Spanish translation - page 2

Does anyone know where I can find an English-Spanish translation for phrases about labor and delivery? Thanks!... Read More

  1. by   ElvishDNP
    What is your due date = Cuando le toca aliviarse?
    born = nacio (can't put the accent on the 'o' but it goes there), used if you're saying something in the past tense.
    The infinitive "to be born" = nacer.
    recien nacido = newborn

    Hope this helps.
  2. by   maxybehr
    translate.google.com is a site that you can type up a phrase in English and it will give you a Spanish translation. I used this once but typing my question or what I wanted to say, then copying it in a word document, then copying the translation to put that in the word document too. I then printed this up and gave to the patient. This works if they can read Spanish and speak a little English to answer the questions.
  3. by   CEG
    Quote from maxybehr
    translate.google.com is a site that you can type up a phrase in English and it will give you a Spanish translation. I used this once but typing my question or what I wanted to say, then copying it in a word document, then copying the translation to put that in the word document too. I then printed this up and gave to the patient. This works if they can read Spanish and speak a little English to answer the questions.
    You have to be very careful with these sites- the translations can go horribly wrong. I speak a second language (unfortunately not Spanish) and have used these sites in proofreading academic papers in the past. They can come up with some horribly confusing/wrong statements if there is more than one potential meaning to a word or phrase. I would avoid using these with patients for liability reasons and also to avoid confusing the patient.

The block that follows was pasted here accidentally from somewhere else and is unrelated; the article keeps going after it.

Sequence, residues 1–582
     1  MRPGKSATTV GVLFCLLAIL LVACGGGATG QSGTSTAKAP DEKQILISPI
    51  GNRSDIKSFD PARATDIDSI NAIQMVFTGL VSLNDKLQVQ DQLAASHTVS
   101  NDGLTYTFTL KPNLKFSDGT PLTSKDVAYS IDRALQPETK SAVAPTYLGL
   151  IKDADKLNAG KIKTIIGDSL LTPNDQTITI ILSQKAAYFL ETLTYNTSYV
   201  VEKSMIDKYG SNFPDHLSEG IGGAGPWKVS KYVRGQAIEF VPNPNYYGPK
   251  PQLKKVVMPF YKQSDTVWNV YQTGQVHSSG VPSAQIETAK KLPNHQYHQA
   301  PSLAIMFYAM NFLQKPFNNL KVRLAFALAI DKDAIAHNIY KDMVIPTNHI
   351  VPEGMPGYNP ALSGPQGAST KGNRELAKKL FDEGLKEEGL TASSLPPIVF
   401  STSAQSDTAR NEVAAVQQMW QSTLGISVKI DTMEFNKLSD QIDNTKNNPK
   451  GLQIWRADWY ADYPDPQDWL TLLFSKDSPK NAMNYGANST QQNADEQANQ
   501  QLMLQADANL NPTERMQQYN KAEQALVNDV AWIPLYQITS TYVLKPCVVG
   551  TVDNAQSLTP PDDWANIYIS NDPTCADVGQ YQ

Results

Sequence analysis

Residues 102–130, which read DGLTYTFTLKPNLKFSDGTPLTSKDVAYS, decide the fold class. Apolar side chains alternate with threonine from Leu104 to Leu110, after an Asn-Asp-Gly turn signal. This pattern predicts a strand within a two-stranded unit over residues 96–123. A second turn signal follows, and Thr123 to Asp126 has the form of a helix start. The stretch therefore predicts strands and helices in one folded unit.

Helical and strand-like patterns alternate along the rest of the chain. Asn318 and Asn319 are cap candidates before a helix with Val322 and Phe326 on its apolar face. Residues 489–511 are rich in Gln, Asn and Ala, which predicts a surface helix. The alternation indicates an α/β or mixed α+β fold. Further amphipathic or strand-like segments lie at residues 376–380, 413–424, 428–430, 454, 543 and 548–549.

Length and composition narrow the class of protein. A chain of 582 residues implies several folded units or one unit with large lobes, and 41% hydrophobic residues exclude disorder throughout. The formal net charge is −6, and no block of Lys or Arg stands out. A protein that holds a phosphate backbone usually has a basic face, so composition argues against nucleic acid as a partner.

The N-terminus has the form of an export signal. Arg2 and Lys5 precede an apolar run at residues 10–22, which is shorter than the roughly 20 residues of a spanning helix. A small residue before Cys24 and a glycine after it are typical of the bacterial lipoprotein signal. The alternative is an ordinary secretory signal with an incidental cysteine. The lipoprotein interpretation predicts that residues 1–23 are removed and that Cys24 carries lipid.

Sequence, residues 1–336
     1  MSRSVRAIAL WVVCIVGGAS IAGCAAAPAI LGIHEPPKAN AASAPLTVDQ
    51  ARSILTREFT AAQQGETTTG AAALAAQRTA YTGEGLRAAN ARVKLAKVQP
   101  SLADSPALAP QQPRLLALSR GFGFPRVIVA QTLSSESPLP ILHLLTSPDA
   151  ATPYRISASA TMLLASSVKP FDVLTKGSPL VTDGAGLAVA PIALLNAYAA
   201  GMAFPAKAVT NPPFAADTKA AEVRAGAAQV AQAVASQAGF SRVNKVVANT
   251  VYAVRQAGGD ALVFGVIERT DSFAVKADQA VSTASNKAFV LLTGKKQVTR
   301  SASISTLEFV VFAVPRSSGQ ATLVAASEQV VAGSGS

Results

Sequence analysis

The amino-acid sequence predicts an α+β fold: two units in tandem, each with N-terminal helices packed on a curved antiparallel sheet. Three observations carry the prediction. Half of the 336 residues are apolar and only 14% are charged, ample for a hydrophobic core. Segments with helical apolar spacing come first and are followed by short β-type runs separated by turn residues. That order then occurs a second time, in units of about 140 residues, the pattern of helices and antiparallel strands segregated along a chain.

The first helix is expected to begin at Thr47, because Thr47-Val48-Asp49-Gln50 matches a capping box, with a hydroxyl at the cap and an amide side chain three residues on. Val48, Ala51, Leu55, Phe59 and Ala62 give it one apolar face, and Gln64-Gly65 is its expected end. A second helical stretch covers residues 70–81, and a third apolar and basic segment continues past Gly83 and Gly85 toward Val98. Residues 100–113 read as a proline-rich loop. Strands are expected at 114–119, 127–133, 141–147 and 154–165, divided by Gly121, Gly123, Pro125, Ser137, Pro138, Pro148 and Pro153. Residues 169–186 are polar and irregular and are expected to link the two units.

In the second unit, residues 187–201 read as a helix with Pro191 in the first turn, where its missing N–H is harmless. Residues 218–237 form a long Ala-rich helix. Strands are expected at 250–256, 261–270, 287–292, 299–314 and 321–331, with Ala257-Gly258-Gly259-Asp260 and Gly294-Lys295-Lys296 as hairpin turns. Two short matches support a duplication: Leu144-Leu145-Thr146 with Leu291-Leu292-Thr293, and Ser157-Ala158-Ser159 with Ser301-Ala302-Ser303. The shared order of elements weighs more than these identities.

4. by   08cbrule
    Has anyone ever tried free translation.com . we sometimes refer there for our patients
  5. by   NurseNora
    I love the translation phones. The translators are certified in translating medical things so you know that when they translate your explanation of procedures or consent forms, they're saying the right thing. It takes a little getting used to , to learn to use them, but I find them very valuable. I have a little Spanish and can usually get my point across, but if I have to ask technical questions or give specific instructions, I like the translation phones.

    If you need breastfeeding instructions in Spanish, my favorite site is breastfeedingtaskforla.org It's the Breastfeeding Task Force for LA County and it has several very simple handouts with simple drawings on subjects like: Sore Nipples, Manual Expression of Breast Milk, Using a Breast Pump, Extreme Fullness, and several others. My favorite for my Hispanic moms is Breastfed Babies Don't Need Formula. They are avaliable in both English and Spanish. They also have a list of other sites with information in several languages.

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